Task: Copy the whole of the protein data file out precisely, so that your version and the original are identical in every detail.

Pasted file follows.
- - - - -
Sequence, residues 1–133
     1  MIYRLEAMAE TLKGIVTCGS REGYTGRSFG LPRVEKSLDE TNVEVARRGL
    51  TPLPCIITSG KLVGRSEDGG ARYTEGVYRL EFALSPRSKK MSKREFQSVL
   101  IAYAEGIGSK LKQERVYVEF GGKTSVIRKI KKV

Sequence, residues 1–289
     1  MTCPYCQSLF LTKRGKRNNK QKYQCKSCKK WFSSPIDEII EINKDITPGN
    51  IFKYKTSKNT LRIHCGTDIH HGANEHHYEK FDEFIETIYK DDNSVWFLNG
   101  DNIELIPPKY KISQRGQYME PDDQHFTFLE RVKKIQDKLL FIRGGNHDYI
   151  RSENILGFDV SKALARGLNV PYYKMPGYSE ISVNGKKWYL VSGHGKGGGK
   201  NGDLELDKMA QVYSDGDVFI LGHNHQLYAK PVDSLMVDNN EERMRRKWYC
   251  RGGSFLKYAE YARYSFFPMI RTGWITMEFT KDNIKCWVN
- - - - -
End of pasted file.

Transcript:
Sequence, residues 1–133
     1  MIYRLEAMAE TLKGIVTCGS REGYTGRSFG LPRVEKSLDE TNVEVARRGL
    51  TPLPCIITSG KLVGRSEDGG ARYTEGVYRL EFALSPRSKK MSKREFQSVL
   101  IAYAEGIGSK LKQERVYVEF GGKTSVIRKI KKV

Sequence, residues 1–289
     1  MTCPYCQSLF LTKRGKRNNK QKYQCKSCKK WFSSPIDEII EINKDITPGN
    51  IFKYKTSKNT LRIHCGTDIH HGANEHHYEK FDEFIETIYK DDNSVWFLNG
   101  DNIELIPPKY KISQRGQYME PDDQHFTFLE RVKKIQDKLL FIRGGNHDYI
   151  RSENILGFDV SKALARGLNV PYYKMPGYSE ISVNGKKWYL VSGHGKGGGK
   201  NGDLELDKMA QVYSDGDVFI LGHNHQLYAK PVDSLMVDNN EERMRRKWYC
   251  RGGSFLKYAE YARYSFFPMI RTGWITMEFT KDNIKCWVN